By the most recent estimate, Houston boasts more than 33 million trees, based on a 2015 study. That number is now higher, thanks to the dirty work put in by Houstonians and volunteers and members of the local nonprofit, Trees for Houston.
The organization announced that some 13,062 new trees were planted in the Greater Houston area. Typically, during a planting season — which runs from October to April – Trees For Houston plants more than 20,000 trees. The COVID-19 pandemic has cut into that number, according to the group.
“Due to the COVID-19 outbreak, we had to cancel more than 15 volunteer plantings and community outreach events, which would have resulted in 5,000 additional trees being planted this season,” said Barry Ward, executive director of Trees For Houston, in a statement.
“However, we continue to fulfill our mission by planting trees with staff while practicing social distancing,” Ward added. “We are continuing to move forward with planning many planting and maintenance projects along with tree giveaways for the fall. With consistent funding, we are confident that our organization will be able to reach our goal of planting and distributing more than 20,000 trees next year.”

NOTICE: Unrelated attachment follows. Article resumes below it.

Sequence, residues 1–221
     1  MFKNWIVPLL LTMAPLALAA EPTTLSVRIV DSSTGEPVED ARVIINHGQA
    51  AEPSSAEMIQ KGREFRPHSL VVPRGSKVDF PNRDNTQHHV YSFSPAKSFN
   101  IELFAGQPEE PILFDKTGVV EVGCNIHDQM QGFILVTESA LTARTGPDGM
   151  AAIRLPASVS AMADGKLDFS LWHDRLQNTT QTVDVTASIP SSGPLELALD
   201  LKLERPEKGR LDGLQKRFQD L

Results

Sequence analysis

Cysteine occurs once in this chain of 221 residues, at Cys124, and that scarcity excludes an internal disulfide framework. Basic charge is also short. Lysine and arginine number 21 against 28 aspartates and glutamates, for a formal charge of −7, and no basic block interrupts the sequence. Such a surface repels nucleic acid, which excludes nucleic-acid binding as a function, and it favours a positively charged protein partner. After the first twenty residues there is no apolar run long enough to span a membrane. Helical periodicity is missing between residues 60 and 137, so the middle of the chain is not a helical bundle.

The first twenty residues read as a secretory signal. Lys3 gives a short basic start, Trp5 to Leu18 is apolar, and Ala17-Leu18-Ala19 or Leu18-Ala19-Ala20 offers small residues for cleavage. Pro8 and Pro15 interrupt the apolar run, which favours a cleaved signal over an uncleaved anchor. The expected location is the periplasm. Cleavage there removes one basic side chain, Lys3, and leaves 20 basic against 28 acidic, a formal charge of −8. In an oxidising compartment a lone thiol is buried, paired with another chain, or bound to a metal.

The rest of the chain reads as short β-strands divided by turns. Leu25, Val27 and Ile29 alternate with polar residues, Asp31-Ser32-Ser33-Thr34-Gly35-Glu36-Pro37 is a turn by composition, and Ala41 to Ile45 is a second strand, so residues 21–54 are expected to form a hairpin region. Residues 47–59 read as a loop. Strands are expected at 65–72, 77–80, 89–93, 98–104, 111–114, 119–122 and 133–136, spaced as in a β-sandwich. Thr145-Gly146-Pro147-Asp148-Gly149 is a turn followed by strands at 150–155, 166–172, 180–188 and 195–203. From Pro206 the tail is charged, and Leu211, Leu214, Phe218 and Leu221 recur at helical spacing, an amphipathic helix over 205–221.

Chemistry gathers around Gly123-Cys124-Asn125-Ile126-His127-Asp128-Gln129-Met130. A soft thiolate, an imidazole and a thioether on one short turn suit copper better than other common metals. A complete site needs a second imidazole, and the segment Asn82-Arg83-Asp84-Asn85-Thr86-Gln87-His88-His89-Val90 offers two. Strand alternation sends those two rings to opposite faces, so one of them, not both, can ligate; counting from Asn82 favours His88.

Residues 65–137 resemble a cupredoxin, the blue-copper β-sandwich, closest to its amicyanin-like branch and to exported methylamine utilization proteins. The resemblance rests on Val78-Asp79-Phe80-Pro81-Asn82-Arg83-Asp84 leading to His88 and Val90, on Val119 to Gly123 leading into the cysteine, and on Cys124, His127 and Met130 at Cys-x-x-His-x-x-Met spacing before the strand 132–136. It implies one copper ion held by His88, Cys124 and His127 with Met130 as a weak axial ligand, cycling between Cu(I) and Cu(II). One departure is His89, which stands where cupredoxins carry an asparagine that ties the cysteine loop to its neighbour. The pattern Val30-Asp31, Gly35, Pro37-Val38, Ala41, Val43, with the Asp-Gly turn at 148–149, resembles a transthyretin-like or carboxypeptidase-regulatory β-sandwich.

The trees planted will benefit the community for generations by reducing air pollution and storm water runoff, minimizing noise and light pollution, slowing erosion, aiding in reducing stress, and providing food and habitat for the wildlife in the community, according to Trees for Houston. The organization credits companies including FedEx, Coca Cola, and Chevron and myriad local groups for nurturing along this year’s growing season.
Highlights of this year’s growing season include 264 trees planted at Buffalo Bend Nature Park, 118 trees at the Port of Houston, 100 trees at Bear Creek Park, and 84 trees at the TC Jester and Ella Esplanade.